I need to take a proper break and let my spiralling mind settle. Things will get better. I just need to go fishing for mojo and then I’ll be feasting on productivity again.

With apologies for the random, half-formed images and metaphors.

Rewiring

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Baby Lyra is home. The sleepless nights have begun. And I find myself facing a new challenge: how to abandon all old patterns of production and learn to write afresh.

I’ve written before about the value of routine, and habit, to creativity. I’ve waxed at length about how I’ve trained myself to sit at my desk at this particular time and crack on, to get down to it; to shape my brain to operate with the parameters of work and wakefulness. The more you do it, the more you expect to focus at a certain time, the easier it is to pick up and run.

Now I have to retrain myself to take opportunities as they present themselves; in those blissful snatched moments when Lyra is asleep but I’m not. I have to forget the years of mental discipline and work out how to be ad hoc, to be ad lib, to take my splintered moments and make the most of them. Because every second spent thinking of a project is a second you move further forwards. I’ve been advocating a way of working for years. Now I have to forget all that and start again.

I hate not working. To put it another way, I enjoy idleness so much that I fear not working. I now have the perfect excuse to sleep in, to prevaricate, to put everything else first. I have to say to myself that will not do that – whilst at the same time not being so hard on myself as to not give myself the much-needed leisure and relaxation time that everyone needs.

I’m sorry if this post is seeming rambly and unfocused: if it does then at least it’s an accurate representation of my mental state. The important thing for me is to write something.

Maybe next time I’ll be able to write something good.

Lyra

By the time you read this my carefree childhood days will be a thing of the past. Adulthood will have taken a good, hard look at me, scowled and kicked sand in my face before leading me off into the great sunset that is Responsibility. Because of this:

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Lyra Sibella Keynton Triggs. Despite appearances, she is not The Pope. Yet.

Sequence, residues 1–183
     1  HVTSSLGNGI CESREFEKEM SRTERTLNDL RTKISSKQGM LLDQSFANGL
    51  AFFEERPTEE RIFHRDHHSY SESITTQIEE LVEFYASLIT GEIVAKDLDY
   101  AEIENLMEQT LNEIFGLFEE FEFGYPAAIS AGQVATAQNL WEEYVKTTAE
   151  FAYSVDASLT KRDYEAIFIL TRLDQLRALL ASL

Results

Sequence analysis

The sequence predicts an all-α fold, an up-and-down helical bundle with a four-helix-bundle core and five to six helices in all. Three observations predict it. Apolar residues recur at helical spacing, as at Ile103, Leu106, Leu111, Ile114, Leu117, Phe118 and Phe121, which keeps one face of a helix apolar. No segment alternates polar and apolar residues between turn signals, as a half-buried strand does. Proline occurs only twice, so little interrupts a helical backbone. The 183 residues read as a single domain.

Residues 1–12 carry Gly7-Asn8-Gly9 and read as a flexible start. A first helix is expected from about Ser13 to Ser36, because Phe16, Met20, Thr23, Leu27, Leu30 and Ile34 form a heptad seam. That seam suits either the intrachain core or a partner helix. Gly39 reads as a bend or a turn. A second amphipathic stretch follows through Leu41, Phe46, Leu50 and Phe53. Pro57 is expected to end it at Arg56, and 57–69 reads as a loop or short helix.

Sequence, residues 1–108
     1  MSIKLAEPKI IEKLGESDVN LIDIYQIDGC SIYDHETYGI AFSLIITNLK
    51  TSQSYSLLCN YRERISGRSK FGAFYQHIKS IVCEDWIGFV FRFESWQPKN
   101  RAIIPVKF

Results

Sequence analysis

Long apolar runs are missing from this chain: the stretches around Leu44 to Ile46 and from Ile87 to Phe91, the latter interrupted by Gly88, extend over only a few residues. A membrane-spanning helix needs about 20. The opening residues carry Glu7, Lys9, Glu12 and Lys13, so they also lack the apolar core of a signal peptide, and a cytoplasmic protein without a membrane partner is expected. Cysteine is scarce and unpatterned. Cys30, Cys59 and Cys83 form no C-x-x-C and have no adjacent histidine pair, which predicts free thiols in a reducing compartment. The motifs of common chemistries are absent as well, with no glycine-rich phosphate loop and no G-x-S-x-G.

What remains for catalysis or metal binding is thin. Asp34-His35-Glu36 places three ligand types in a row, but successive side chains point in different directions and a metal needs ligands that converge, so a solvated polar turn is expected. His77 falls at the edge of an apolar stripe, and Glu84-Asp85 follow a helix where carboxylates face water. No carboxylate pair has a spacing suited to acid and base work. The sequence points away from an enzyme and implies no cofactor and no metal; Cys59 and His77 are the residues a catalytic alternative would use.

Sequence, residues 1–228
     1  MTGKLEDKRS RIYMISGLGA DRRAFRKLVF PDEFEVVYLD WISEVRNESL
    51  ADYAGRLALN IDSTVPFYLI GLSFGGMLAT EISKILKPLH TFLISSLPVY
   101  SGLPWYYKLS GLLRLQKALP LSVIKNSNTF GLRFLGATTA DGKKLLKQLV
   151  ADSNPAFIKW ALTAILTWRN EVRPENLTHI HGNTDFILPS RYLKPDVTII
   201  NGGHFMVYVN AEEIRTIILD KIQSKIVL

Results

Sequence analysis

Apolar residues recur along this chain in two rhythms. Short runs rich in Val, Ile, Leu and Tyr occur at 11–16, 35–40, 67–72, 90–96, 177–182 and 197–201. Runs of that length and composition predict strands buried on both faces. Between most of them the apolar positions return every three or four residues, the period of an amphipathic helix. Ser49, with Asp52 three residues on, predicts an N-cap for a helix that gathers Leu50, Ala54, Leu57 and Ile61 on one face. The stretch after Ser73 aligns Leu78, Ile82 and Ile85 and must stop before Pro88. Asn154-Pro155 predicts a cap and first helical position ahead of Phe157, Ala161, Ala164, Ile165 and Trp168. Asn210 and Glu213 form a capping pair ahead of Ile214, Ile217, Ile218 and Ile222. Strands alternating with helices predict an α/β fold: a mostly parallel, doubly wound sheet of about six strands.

You can’t say the hints weren’t there: all the talk of ‘taking six months off work’; of ‘becoming an adult’; of my life changing. Something’s been a-brewing but I’ve not wanted to talk about it directly – partly for fear of jinxation, partly because I’ve maybe possibly been in denial, but mostly because that’s not what this blog’s about.

They say that everyone’s allowed one parenthood post. They can have one opportunity to gush; one chance to say how their kid is the best – better, even, than all the other ‘best’ kids out there. Well this isn’t it. This blog’s to talk about writing. Thing is…

Thing is, how can you talk about writing when you don’t know what shape your life will take for the next year?

Lifestyle affects writing. It’s obvious and it’s true. You can’t sleepwalk your way through a novel: you can’t (yet) download your thoughts directly onto paper or video your dreams. You need time, you need a certain degree of consciousness, you need routine, focus and direction. A wee bub challenges all these things.

Of course, it’s perfectly possible to write a novel with a small child in proximity. I’ve read a good handful of interviews where the starting point for the novelist was the sleeptime of the child. I had a Twitter exchange with Aliette de Bodard where we jokingly mooted writing an article on the problem/opportunity of writing with a smallrus in tow.

I know nothing of this yet. That it will affect me and my writing is not in doubt: the question is whether it will prove boon or bust.

In the short-term all I ask is that you be gentle with me. I don’t know what’s going to change. Maybe this blog will become more erratic. Please understand that I’m not abandoning you, that I’m still out here, across the cyberverse, doing my damnedest to produce wonderful words and wilful witticisms.

But Lyra comes first. And the wife. And sleep. After that – well, after that we’ll have to see.